## Subtitles section Play video

• Welcome back to the second video in Chapter 1

• Hi.

• So I could go in a number of different directions here.

• And I'm still sort of figuring out

• what direction I'm going to go in right now.

• But ostensibly, if you're following "The Nature of Code"

• book along with these videos, the next topic

• is really looking at vector math.

• What are the kinds of operations that you

• might be used to doing with scalar quantities?

• 5 plus 2 equals 7.

• 5 minus 2 equals 3.

• Multiply, divide, square root, power of three,

• all of these kinds of mathematical operations,

• those mathematical operations exist for vectors as well.

• And a lot of times it's as simple as a vector addition

• is the same as scalar addition.

• But you just add the x's.

• Then you add the y's.

• And that's really where I'm going to start.

• But what I think I prefer to do is

• rather than go through a laundry list, which

• is how the book does this to a bit more extent, of vector math

• one at a time, I'm going to take the next step

• in the random walker example and discover what kinds of vector

• math I need as I'm going and start

• to talk about the different functions, vector math

• functions, I need as I get to them.

• But you might want to look and sort

• of wonder like what are all the things

• that I can do with vectors.

• And one of the reasons to use the P5 vector class beyond just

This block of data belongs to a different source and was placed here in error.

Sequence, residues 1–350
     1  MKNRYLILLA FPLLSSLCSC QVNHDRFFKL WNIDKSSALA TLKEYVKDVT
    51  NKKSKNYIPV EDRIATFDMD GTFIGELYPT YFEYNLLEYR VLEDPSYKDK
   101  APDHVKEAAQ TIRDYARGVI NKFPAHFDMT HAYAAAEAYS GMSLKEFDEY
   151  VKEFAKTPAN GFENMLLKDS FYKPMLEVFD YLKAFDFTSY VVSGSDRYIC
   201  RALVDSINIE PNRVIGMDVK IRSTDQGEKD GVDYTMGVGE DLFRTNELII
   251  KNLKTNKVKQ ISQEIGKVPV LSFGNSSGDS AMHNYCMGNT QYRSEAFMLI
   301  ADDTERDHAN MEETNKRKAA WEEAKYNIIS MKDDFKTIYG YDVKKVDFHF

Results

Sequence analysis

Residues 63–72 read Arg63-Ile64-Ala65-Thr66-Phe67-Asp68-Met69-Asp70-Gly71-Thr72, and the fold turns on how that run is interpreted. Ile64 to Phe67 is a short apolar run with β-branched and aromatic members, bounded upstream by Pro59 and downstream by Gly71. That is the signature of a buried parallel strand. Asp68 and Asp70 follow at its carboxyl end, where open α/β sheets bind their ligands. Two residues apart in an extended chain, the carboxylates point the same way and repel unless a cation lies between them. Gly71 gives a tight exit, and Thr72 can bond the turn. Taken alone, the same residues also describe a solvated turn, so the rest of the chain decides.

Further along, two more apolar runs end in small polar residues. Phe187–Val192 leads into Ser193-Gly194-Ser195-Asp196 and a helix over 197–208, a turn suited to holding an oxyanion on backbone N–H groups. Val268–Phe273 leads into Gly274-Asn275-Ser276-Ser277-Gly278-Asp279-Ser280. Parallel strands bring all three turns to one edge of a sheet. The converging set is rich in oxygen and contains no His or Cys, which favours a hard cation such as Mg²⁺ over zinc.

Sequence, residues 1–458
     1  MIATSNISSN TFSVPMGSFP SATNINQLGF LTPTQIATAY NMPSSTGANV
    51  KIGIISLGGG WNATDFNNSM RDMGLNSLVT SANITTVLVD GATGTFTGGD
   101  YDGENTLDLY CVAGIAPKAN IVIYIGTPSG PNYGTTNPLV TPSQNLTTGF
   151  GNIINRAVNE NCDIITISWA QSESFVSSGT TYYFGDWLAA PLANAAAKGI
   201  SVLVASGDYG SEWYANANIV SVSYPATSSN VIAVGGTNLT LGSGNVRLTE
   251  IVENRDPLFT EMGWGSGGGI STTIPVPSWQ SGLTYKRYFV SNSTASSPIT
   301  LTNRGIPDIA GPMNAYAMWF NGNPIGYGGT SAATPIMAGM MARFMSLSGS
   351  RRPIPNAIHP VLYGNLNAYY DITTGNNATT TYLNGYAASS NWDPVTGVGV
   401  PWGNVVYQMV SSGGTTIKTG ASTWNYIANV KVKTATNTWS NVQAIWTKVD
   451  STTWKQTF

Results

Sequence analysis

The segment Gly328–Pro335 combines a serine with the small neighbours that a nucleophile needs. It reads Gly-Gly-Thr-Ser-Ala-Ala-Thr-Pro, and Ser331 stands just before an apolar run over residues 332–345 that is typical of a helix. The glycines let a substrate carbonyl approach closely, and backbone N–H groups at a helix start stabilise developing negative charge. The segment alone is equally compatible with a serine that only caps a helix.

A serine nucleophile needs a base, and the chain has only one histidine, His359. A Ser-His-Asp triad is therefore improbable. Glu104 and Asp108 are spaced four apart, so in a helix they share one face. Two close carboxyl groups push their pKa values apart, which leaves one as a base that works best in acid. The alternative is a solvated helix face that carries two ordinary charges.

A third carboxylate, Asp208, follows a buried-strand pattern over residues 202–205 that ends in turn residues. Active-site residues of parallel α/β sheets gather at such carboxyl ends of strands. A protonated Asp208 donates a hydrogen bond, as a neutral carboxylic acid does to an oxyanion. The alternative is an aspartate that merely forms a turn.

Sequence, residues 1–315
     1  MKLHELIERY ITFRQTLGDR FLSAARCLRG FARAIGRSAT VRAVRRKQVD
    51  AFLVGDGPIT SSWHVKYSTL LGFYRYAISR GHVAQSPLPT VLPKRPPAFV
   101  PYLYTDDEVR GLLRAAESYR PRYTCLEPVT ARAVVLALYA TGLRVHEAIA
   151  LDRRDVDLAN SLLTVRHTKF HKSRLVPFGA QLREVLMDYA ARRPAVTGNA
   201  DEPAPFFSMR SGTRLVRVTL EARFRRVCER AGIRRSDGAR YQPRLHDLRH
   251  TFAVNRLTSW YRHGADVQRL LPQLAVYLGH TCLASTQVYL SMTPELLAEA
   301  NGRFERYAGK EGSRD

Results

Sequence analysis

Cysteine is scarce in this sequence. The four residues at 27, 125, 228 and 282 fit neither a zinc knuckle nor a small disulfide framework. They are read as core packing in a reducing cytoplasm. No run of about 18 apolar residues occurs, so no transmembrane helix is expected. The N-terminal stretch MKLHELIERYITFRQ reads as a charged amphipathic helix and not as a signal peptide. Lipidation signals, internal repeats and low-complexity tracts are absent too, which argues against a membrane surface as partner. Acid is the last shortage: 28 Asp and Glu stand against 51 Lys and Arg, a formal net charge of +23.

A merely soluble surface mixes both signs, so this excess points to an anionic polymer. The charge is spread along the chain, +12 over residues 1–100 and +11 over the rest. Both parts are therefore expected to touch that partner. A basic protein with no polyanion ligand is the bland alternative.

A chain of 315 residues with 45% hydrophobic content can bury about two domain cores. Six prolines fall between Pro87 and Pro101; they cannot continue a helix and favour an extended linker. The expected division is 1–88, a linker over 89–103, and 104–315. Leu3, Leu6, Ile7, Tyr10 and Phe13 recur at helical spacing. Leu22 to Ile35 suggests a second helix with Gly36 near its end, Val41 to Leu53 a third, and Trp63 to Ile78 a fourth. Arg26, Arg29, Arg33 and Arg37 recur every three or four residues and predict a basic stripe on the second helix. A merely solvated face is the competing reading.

• your own x and y variables is that all

• of these common operations exist as functions in the P5 vector

• class itself, like add, subtract, multiply,

• divide, magnitude, magnitude squared,

• dot product, cross product, distance, normalized limit,

• heading, rotate, so many so many things.

• So I expect that over the course of many, many videos

• throughout this whole series, I will get to a lot of these.

• But you also might just take a moment to pause

• and click through and look at some of these yourself.

• So in the random walker example, there

• happens to be some vector math going on.

• I am taking the x component of the position vector, the y

• component of the position vector,

• and adding a random number to it.

• So let's start by discussing vector addition.

• Let's say that I have two vectors.

• We'll call them u and v. Actually, you know what?

• That's a very-- the u and v, the way I write u and v,

• it always looks too similar.

• Let's just call them a and b.

• Vector a and vector b-- and vector notation

• that you might see in a math textbook

• often uses the arrow on top of the letter

• to say this represents the vector

• a, this represents the vector b.

• And let's say the vector a is 3, 4.

• And let's say the vector b is, I don't know, 2, negative 1.

• I want to examine, what do I mean when

• I say vector a plus vector b?

• So this is actually a really simple operation to do,

• because the answer-- if this was c--

• actually just involves adding the components together.

• So this would be 5, 3, because 3 plus 2 is 5

• and 4 plus negative 1, or 4 minus 1, is 3.

• Incidentally, while we're here, I'll

• just say that a minus b, vector subtraction,

• is also what you probably imagine it would be,

• the x component minus the exponent, the y component

• minus the y component.

• And this would extend into any dimensional space.

• If my vector had 10 numbers in it, it would be the same thing.

• So this would be 1, 4 minus negative 1

• is 4 plus 1, which is 5.

• So these are how these operations actually work.

• However, while this is so incredibly simple,

• I think it's worth taking a moment

• to actually look at how this appears in a diagram,

• because this really relates to how we're using

• vectors in a 2D P5 canvas.

• Let's think about our two-dimensional Cartesian